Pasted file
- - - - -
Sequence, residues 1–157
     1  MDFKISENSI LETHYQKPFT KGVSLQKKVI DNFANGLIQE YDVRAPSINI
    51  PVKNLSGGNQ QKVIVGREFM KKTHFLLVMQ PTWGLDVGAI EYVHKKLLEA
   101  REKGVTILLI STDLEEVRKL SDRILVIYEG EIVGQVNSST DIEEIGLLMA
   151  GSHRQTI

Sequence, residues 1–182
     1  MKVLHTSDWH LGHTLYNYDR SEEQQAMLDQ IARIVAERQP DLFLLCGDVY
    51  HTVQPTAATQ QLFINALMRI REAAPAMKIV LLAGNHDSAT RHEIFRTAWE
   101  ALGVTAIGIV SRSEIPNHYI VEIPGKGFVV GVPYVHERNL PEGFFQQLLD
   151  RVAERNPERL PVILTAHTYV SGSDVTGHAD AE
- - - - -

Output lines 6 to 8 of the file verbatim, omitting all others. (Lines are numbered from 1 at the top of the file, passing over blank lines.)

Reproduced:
Sequence, residues 1–182
     1  MKVLHTSDWH LGHTLYNYDR SEEQQAMLDQ IARIVAERQP DLFLLCGDVY
    51  HTVQPTAATQ QLFINALMRI REAAPAMKIV LLAGNHDSAT RHEIFRTAWE